CSCI 136
Fundamentals of Computer Science II
Spring 2022

Montana Tech of The University of Montana
Computer Science & Software Engineering

ASSIGNMENT 4 - Mind Reader

In this assignment, you will be use a hash map to implement a straightforward game you can play against the computer. The fun part of this is that the computer usually wins.

This is how the Mind Reader game should work. Prior to user input, the program is going to predict whether a user is going to input a “head” or a “tail”, as if a coin has been tossed. Without being told what the computer guessed, the user will then choose to enter “heads” or “tails”. The program’s guess and the user’s input will then be compared. If the program guessed correctly, it gets a point. If not, the user gets a point. The program continues until either the program or the user reaches 25 points.

The program will keep track of past behavior of the user, and over time, build a "history" of what the user has input. Each piece of user history will consist of four consecutive head/tail choices, as shown below. Let’s say the user has entered the following 10 choices:

1 2 3 4 5 6 7 8 9 10

The first four times the program guesses what the user will input next, it has no history, and must make random guesses. After that, it may then start looking at past user behavior. In the above example, the computer has the following cases available by the 10th user input.

1. H H T H
2. H T H T
3. T H T T
4. H T T T
5. T T T H
6. T T H T
7. T H T H

For each unique set of entries, the computer can keep track of what choice the user makes next, either heads or tails, and how many times the user chose that particular choice. So, if the value we are storing for each is a 2-element integer array with the first element representing the number of times "H" was chosen, and the second the number of times "T" was chosen, the outcome would look like this:

1. H H T H 0 1
2. H T H T 0 1
3. T H T T 0 1
4. H T T T 1 0
5. T T T H 0 1
6. T T H T 1 0
7. T H T H 0 0

Thus, when the user has guessed a series of HHTH in the past, the next guess was T, so if the program sees this pattern again, it should guess the user will input an T next. Let's say that sequence did occur again, and the user entered a T again. The value stored should now be:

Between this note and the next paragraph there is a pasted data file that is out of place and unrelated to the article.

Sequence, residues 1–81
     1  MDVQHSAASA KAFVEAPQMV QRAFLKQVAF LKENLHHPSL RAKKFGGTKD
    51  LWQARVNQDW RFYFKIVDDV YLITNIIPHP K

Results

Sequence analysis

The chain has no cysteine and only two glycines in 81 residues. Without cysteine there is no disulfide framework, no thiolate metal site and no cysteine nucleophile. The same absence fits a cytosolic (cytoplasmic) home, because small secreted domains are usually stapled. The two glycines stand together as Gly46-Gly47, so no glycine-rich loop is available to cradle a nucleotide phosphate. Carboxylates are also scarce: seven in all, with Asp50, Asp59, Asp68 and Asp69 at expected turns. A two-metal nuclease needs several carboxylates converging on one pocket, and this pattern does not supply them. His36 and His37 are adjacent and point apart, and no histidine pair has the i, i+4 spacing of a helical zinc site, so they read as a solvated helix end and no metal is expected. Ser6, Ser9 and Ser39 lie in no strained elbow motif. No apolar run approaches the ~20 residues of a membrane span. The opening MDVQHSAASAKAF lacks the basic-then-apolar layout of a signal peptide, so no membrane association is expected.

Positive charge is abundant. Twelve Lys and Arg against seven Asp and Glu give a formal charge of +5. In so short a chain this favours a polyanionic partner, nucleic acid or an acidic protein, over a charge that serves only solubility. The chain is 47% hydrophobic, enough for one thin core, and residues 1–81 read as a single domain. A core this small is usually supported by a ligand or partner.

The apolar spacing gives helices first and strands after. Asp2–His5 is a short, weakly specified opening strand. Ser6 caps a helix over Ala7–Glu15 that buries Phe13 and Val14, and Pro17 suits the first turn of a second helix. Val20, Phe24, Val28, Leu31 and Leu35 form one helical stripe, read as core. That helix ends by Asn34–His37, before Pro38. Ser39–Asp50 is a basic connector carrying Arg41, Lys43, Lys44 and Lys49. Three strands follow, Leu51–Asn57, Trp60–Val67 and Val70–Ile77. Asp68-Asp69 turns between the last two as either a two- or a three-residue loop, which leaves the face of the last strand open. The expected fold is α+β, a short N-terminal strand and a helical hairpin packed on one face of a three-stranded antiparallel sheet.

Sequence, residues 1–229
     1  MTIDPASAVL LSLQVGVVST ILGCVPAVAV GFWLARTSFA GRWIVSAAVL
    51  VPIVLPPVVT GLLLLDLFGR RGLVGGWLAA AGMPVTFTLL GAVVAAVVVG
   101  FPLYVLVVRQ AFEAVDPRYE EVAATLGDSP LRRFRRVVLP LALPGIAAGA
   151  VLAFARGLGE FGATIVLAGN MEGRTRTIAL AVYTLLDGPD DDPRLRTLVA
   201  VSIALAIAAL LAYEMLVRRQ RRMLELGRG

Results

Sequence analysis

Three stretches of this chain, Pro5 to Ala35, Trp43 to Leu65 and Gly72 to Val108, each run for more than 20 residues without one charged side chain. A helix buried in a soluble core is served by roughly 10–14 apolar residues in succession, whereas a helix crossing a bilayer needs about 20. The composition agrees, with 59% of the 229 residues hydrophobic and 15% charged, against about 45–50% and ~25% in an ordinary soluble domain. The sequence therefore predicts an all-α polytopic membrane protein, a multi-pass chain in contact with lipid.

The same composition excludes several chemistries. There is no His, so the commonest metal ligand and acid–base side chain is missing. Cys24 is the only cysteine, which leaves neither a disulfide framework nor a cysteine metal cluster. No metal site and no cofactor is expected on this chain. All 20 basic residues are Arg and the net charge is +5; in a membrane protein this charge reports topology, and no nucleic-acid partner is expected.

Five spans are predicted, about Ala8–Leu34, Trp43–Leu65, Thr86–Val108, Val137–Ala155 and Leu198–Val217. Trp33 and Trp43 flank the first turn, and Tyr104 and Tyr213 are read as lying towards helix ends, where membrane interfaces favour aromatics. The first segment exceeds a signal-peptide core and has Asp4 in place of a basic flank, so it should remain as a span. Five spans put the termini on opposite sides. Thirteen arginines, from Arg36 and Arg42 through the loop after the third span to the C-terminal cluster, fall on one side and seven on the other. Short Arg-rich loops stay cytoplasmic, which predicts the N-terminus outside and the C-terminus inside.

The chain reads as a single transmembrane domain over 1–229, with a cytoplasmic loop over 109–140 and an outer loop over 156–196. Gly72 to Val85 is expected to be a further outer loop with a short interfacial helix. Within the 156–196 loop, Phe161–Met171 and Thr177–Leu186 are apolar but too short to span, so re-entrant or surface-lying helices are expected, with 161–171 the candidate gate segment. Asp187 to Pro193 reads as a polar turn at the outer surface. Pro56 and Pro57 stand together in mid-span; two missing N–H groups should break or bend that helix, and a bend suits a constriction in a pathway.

H H T H 0 2

If the user entered the same pattern again, but this time their next choice was H, the stored values would be:

H H T H 1 2

If the exact pattern isn’t available in the hash map, the program should simply make a random guess. This will happen before the computer has enough data (the first few rounds of play), or if a pattern has not yet been seen. The computer will also need to make a random guess if the number of times H or T was chosen is equal in the hash map.

You must use a hash map (dictionary) where the input patterns are the keys, and the value stored has two components to keep track of the number of times H and T were chosen by the user after that key pattern was used. I used a 2 element array of integers, but you can use whatever works for you. You will also have to think about what kind of structure would work best for keeping track of user choices as they are input. What you use is up to you. In this program, I am also leaving it up to you on how to structure your methods. In other words, I am not requiring that you use a pre-defined API. Unfortunately, with no API, this also means I cannot provide you with an autograder... :(

Part of an example run interaction and output is shown below:

Enter H for heads or T for tails: H
Computer predicted: H Player chose: H
Computer: 1 Player: 0

Enter H for heads or T for tails: T
Computer predicted: H Player chose: T
Computer: 1 Player: 1


Enter H for heads or T for tails: T
Computer predicted: T Player chose: T
Computer: 25 Player: 3

Computer WINS!!!

Run your program 10 times, and report the outcomes. You can even have an unsuspecting friend run your program. How many times does the program win, how many times does the user win? What do you think this means? Write up your approach to the problem, the results you obtained, and your conclusions in a short report in the header comment of your code.

Grade ItemPoints PossiblePoints Earned
Program Compiles
Program Runs
Comments on All Classes and Methods
Hash map stores keys/values correctly
Computer prediction is based on patterns
Game operates correctly
Write Up of Results across10 Test Runs

Submission. Submit your program using Moodle. Be sure each submitted source file has the required header with your name, and a description of the program. Also, each method should have appropriate comments. For extra-credit, please submit a single zip file containing all your programs/graphics/sounds via the special extra-credit drop box at the top of the Moodle page.

I'm not sure how to get started. What do you recommend? A good way to prooceed in this assignment (and most programs) is to implement methods one at-a-time, starting with the simplest method first. After creating each method, write test code to see if the new method does what is suppose to. I would print out information as much as possible on each method you build so that you know the correct data is being used.

Extra credit (up to 5 points). If an exact pattern match is not available, you might see if other patterns that are "similar" have been used, and base your (computer) prediction off these instead of making a random guess. This is known as case based reasoning.

Page last updated: January 06, 2022